Behemoth, Part One: B-Max – Peter Watts

4 out of 5

In a foreword to B-Max, Peter Watts explains that Behemoth was intended as one novel, but the nature of publishing financials required it be split into two. He claimed this actually worked okay with how the book was thematically structured, but that the payoffs are, of course, in the second part. While I can’t yet weigh in on that concluding half, I can definitely support that B-Max works absolutely on its own; going into it with that “Part One” precursor sets the stage for knowing that there will likely be lingering plot threads at the end, and yes, that’s very true, but the book also reads like a cohesive, complete thing, taking us up to a logical endpoint, and with its own, self-contained build-up and climax. Moreso than Maelstrom, though, the second book in The Rifters “trilogy” – which I read with quite a pause between that and the first book, Starfish, without issue – B-Max drops the reader right in the fray, of needing to know the ins and outs of the world that’s been previously established: with its virus-infected internet; and its brain-chemistry manipulated soldiers working in different capacities for various corporate / government interests; and with our deep-sea adapted rifters; and rifter Lenie Clark’s willful spreading of the decimating Behemoth disease… This is not a story that can be started here and you can catch up: Watts needs you to be on the same page, and barrels forward with that expectation.

To the book’s benefit. Why would you start with the third book anyway? But I think what’s even more important about that, here, is the way B-Max builds on Maelstrom’s and Starfish’s structures to somewhat flip-flop how we now know these characters, and so having them in recent memory enriches the reading experience even more, beyond the awesome, inventive, and tense events Watts has in store.

We’re some years beyond Maelstrom’s virtual and physical infections. An uneasy alliance has been reached between the surviving “corpses” – Patricia Rowan and others – and the rifters, kinda sorta led by Ken Lubin and Lenie Clarke. Inoculated against Behemoth, these two teams – living in their own habitats, communicating only when required – are partially in hiding from the decimated surface world’s inhabitants and partially trying to research their way to next steps. The majority of our time is spent at ocean’s bottom, a la Starfish, getting our bearings with the status quo from Lenie’s point of view, as her tempestuous friendship with Rowan leads to growing grievances amongst her rifter clan, from whom she feels a growing alienation.

Beyond this physical relocation, things have certainly changed, emotionally, for our primaries: after learning of how her own past had been tweaked for maximum deep-sea adaptability, Clarke is – no pun intended – adrift in sussing out how she feels about anything, while Ken Lubin and, aboveground, Achilles Dejardins go through their own evolutions after being “freed” from Guilt Trip by Spartacus. We check in on Achilles periodically, in a haunting review of his past, but otherwise we’re locked in to Lenie: trying to keep tabs on the boiling tensions between factions, while also constantly questioning what she wants out of any of this mess. Things percolate until there’s no time to ask questions.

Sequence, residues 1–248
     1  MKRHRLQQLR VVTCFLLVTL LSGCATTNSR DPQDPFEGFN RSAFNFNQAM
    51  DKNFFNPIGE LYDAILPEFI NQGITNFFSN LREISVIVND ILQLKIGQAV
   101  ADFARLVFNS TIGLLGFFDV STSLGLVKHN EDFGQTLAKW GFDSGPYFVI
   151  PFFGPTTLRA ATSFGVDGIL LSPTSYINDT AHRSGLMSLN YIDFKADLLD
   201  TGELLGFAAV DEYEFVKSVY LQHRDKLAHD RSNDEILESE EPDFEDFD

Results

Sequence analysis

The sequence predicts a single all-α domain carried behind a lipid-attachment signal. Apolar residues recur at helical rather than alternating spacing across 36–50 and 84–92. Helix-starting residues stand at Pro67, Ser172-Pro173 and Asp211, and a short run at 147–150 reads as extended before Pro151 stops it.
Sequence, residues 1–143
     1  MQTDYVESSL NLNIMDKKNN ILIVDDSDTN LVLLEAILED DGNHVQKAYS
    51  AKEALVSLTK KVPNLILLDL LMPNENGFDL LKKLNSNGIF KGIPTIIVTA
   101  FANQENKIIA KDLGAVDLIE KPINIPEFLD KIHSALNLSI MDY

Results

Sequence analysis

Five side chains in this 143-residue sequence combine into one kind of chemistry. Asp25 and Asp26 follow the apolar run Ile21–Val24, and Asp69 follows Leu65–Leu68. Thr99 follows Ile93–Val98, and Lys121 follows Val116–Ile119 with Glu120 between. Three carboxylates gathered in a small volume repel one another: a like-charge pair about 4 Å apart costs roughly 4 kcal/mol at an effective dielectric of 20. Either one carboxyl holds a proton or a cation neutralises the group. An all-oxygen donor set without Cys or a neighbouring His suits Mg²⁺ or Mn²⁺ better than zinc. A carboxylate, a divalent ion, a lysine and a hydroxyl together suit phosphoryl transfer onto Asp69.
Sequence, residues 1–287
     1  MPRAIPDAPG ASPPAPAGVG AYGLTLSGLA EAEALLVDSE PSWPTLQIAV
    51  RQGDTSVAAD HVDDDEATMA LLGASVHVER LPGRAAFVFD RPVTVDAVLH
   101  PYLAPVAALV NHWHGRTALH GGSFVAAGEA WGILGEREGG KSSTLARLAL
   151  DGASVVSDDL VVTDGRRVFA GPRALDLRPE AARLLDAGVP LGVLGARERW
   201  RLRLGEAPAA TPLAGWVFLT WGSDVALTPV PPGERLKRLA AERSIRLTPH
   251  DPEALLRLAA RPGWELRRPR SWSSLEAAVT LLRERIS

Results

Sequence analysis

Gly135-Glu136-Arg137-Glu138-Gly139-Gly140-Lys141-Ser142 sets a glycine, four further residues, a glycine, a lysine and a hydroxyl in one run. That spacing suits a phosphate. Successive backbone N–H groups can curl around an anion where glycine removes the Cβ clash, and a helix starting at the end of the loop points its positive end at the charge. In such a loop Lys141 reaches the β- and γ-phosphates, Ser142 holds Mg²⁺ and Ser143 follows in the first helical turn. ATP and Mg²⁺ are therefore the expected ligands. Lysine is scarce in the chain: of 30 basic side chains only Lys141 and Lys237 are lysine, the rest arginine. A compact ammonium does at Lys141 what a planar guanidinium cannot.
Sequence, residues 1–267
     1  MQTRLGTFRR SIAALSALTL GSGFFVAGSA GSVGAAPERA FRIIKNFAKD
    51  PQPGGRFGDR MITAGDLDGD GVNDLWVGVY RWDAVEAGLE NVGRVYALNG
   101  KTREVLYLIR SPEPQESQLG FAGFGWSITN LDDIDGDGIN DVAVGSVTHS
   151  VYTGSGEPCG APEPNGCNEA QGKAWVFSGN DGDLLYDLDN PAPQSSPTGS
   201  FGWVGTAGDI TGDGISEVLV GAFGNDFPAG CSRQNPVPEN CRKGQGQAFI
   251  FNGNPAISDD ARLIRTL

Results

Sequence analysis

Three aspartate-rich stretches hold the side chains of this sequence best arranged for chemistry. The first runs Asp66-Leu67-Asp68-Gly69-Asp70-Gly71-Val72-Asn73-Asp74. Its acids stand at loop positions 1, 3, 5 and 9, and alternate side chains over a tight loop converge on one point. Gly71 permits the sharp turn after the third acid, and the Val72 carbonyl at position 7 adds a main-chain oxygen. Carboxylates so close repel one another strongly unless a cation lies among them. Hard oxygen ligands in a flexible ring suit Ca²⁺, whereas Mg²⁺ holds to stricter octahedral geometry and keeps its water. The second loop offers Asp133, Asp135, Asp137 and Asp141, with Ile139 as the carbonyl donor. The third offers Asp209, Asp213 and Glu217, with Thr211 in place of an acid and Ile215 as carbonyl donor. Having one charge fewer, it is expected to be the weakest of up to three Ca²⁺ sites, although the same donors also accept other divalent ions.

For a hard sci-fi novelist, Watts also excels at the fiction bits: at selling the environment and tone; at exploring the dark and mercurial mindsets of his characters. The thoughts he cycles through regarding nature versus nurture are haunting, especially given how some characters seem to happily “answer” these questions – meaning we could walk away with that, if we wanted to – and are only challenged through less indirect events. That’s been the building brilliance of the Rifters series: Watts’ intelligence is not only apparent in his researched design – understanding how the undersea habitat functions, for example – but also in Watts willingness to probe at dark, emotional depths and leave it open for our interpretation, paralleling this to the unemotive way that nature functions: survival of the fittest. His wording choices at getting all of this across never betray the moment; at a more micro level, I appreciate how the descriptive terms he uses stay within their “realm:” that is, if we’re describing things in the sea, the sounds of the words and the words chosen align with that setting. (At least to me.)

I do think the cast maybe gets a bit too unwieldy in the final sections to maintain the intensity the whole while – I had a couple of passages trying to remember Which Name Was Doing What and etcetera – and this cluttering carries over to the events in this portion of the book as well, where it seems like some things that are obvious some pages back are then presented as surprises, or, oppositely, something that I guess we were to assume seems to come out of left field. This part of the book (the last 50 or so pages) is purposefully rather frantic on the whole, so you can kind of swallow it as an offshoot of that, but it butts up against the careful, clear writing in the 250 preceding pages. That said, once things settle into the wrap-up and set-up for part two, it all comes together very satisfying, and promisingly – making me ready to tear into Behemoth’s second half as soon as possible.